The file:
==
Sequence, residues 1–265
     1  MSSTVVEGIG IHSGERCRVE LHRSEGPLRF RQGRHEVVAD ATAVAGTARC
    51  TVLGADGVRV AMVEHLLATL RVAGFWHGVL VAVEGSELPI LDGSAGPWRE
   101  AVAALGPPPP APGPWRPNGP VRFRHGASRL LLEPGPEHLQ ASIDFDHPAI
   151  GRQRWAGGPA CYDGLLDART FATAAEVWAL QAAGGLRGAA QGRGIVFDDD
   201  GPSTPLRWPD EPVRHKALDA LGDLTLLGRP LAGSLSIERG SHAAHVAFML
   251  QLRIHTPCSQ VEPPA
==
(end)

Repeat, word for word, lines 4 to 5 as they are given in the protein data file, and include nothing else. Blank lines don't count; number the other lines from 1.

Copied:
   101  AVAALGPPPP APGPWRPNGP VRFRHGASRL LLEPGPEHLQ ASIDFDHPAI
   151  GRQRWAGGPA CYDGLLDART FATAAEVWAL QAAGGLRGAA QGRGIVFDDD